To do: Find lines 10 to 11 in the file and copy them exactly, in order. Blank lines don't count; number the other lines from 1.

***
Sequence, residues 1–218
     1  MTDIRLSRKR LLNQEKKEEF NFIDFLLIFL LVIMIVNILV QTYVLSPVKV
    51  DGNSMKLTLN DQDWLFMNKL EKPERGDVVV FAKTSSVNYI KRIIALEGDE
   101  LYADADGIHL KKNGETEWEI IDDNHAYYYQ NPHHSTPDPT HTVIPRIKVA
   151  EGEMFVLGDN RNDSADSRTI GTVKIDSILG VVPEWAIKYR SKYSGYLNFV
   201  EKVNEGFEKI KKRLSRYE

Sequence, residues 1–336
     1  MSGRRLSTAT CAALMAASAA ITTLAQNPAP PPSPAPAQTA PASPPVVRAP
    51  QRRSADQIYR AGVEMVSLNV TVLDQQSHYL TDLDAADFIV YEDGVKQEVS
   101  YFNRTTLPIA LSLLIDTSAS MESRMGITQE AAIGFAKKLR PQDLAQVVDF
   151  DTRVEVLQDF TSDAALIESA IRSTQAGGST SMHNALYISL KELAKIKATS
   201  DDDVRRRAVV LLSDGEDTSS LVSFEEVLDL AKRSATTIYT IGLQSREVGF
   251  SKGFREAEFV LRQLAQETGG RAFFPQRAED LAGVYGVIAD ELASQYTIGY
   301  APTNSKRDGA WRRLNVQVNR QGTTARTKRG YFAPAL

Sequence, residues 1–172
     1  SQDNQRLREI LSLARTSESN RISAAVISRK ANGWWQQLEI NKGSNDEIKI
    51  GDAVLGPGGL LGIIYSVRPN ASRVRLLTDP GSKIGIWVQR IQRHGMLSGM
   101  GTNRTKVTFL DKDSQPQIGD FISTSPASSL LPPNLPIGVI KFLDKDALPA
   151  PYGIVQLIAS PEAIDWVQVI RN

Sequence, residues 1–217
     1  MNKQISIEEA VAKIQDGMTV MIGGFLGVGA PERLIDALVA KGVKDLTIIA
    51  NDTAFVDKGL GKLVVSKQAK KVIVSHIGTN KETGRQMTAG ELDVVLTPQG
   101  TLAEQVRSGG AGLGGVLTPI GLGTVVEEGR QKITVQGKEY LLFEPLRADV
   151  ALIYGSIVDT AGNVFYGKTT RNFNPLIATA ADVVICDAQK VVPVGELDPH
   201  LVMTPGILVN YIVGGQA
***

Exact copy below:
   101  YFNRTTLPIA LSLLIDTSAS MESRMGITQE AAIGFAKKLR PQDLAQVVDF
   151  DTRVEVLQDF TSDAALIESA IRSTQAGGST SMHNALYISL KELAKIKATS